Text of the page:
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The issue:

An unhandled exception in a thread entering the CLR from unmanaged code does not trigger the "normal" unhandled exception CLR processing.

In the code below calling CSSimpleObject.GetstringLength() from C++ with

  • "1" throws an exception in the calling thread (non-CLR-created thread),
  • "2" throws an exception in a new Thread() (CLR-created thread).

In case "1"

  • CurrentDomain_UnhandledException() is never called.
  • The Application Domain and the process will stay loaded and running, you will only get a FAILED.

In case "2" (expected behavior)

  • CurrentDomain_UnhandledException() is called.
  • The proces gets killed.

The Question:

What has to be done to get the "normal" behavior?

Sample code:

The code below is based on the Visual Studio 2010 "CppHostCLR" code sample from the "all interop and fusion samples".

RuntimeHost (C++):

PCWSTR pszStaticMethodName = L"GetStringLength";
PCWSTR pszStringArg = L"1";
//PCWSTR pszStringArg = L"2";

hr = pClrRuntimeHost->ExecuteInDefaultAppDomain(pszAssemblyPath,
    pszClassName, pszStaticMethodName, pszStringArg, &dwLengthRet);
if (FAILED(hr))
{
    wprintf(L"Failed to call GetStringLength w/hr 0x%08lx\n", hr);
    goto Cleanup;
}

Managed Code (C#):

public class CSSimpleObject
{
    public CSSimpleObject()
    {
    }
    //------8<----------
    public static int GetStringLength(string str)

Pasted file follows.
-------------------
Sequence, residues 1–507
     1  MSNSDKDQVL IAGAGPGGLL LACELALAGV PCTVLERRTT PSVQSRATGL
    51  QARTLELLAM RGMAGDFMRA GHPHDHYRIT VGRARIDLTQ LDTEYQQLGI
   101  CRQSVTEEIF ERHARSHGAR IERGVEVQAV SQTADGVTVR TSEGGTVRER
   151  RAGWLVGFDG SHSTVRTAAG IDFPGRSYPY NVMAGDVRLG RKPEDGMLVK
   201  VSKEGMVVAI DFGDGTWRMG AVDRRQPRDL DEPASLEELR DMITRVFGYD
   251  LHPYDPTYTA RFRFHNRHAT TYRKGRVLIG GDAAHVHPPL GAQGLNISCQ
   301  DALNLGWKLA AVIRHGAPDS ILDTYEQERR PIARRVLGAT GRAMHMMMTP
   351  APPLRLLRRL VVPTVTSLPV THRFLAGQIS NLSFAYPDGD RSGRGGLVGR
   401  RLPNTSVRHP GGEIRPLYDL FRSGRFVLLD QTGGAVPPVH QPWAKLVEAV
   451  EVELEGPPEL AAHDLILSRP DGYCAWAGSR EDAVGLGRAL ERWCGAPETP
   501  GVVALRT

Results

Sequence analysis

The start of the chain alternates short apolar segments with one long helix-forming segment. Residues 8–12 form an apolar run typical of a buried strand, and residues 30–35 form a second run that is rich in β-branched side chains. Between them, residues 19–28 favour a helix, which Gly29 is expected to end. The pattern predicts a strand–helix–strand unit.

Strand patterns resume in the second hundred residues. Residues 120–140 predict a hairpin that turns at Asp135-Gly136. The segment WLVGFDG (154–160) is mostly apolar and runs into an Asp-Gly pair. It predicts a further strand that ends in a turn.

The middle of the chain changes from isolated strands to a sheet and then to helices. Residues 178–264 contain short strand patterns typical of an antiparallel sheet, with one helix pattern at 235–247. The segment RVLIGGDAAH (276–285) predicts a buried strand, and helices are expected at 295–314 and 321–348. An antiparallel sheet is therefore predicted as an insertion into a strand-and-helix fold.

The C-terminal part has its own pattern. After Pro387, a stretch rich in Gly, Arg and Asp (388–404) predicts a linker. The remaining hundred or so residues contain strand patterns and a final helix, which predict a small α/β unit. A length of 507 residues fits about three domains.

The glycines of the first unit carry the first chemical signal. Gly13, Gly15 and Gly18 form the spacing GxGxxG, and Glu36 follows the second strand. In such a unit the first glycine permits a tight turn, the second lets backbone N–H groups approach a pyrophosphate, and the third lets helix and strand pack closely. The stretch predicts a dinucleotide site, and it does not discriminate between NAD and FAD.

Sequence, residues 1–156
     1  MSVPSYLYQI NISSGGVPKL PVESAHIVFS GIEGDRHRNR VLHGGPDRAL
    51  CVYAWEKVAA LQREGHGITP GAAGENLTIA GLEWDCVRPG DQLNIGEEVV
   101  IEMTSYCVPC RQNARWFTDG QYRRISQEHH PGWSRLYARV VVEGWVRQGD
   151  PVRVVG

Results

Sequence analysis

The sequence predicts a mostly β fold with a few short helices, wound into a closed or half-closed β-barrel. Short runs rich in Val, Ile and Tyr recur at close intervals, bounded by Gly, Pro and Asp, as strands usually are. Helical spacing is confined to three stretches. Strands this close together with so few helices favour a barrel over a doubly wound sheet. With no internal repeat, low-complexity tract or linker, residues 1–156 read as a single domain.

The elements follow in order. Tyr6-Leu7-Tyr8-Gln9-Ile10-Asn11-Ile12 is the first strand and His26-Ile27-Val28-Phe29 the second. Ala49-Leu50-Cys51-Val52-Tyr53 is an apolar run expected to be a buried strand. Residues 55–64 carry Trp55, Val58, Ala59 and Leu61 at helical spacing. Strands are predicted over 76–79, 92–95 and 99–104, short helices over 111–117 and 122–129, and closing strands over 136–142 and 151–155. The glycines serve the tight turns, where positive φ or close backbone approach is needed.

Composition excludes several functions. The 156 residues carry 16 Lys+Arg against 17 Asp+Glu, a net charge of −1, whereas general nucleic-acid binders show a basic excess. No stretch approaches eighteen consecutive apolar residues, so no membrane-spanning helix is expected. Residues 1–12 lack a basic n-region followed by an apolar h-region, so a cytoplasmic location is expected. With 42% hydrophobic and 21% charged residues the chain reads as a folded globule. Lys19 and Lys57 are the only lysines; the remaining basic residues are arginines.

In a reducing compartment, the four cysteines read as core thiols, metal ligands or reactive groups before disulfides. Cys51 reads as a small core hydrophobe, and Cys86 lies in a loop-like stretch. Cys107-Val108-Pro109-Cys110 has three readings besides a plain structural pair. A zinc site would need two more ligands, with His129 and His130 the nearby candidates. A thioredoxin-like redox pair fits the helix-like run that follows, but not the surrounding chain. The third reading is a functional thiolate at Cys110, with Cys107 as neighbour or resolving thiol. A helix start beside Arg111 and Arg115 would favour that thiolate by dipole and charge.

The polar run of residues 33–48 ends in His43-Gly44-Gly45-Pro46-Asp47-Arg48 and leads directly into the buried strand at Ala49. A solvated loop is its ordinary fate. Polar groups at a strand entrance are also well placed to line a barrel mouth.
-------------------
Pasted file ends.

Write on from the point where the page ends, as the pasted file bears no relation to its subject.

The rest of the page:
{
        AppDomain.CurrentDomain.UnhandledException += new UnhandledExceptionEventHandler(CurrentDomain_UnhandledException);

        switch (str)
        {
            case "1":
                throw new Exception("exception in non-CLR-created thread");
            case "2":
                Thread thread = new Thread(new ThreadStart(WorkThreadFunction));
                thread.Start();
                break;
        }
        return str.Length;

    }
    static void CurrentDomain_UnhandledException(object sender, UnhandledExceptionEventArgs e)
    {
        Console.WriteLine("CurrentDomain_UnhandledException:" + e.ToString());
        Console.ReadKey();
    }
    public static void WorkThreadFunction()
    {
        throw new Exception(""exception in CLR-created thread"");
    }

Research so far:

MSDN initially implies that unhandled exceptions in a non-CLR-created thread should behave more or less "naturally" - see "Exceptions in Managed Threads"

The common language runtime allows most unhandled exceptions in threads to proceed naturally. In most cases this means that the unhandled exception causes the application to terminate."

"Most" meaning that in CLR-created threads internal, thread abort and Application Domain unloaded exceptions are handled differently. In non-CLR threads

"they proceed normally, resulting in termination of the application."

Further research led me to "Unhandled Exception Processing In The CLR" where I found out the following:

"if the exception was not handled ... in the managed method, the exception would exit the CLR but continue to propagate up the stack as a native SEH exception (managed exceptions are represented as native SEH exceptions) ... The OS unhandled exception filter (UEF) mechanism may not always result in triggering the CLR's unhandled exception processing. Under normal circumstances, this will work as expected and the CLR's unhandled exception processing will be triggered. However, in certain instances this may not happen."

What is wrong with the code above or how can it be changed so that the CLR's unhandled exception processing is triggered?

Update (2011-05-31):

I just found an old bug report, "UnhandledExceptionEventHandler is not called when managed code is called from unmanaged and throws an exception - http://tinyurl.com/44j6gvu", where Microsoft confirms this is a "buggy" behavior: